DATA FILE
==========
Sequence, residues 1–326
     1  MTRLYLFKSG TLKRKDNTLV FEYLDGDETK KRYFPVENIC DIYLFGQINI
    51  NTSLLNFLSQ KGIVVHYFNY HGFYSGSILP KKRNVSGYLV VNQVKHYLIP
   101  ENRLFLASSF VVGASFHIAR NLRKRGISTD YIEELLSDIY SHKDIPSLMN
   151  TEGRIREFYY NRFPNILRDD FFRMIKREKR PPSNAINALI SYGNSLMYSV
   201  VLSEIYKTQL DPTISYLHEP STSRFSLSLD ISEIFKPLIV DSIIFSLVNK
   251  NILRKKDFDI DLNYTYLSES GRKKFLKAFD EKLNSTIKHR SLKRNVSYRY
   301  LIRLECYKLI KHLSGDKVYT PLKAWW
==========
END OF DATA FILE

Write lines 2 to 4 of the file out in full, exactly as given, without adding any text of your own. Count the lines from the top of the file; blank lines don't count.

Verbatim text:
     1  MTRLYLFKSG TLKRKDNTLV FEYLDGDETK KRYFPVENIC DIYLFGQINI
    51  NTSLLNFLSQ KGIVVHYFNY HGFYSGSILP KKRNVSGYLV VNQVKHYLIP
   101  ENRLFLASSF VVGASFHIAR NLRKRGISTD YIEELLSDIY SHKDIPSLMN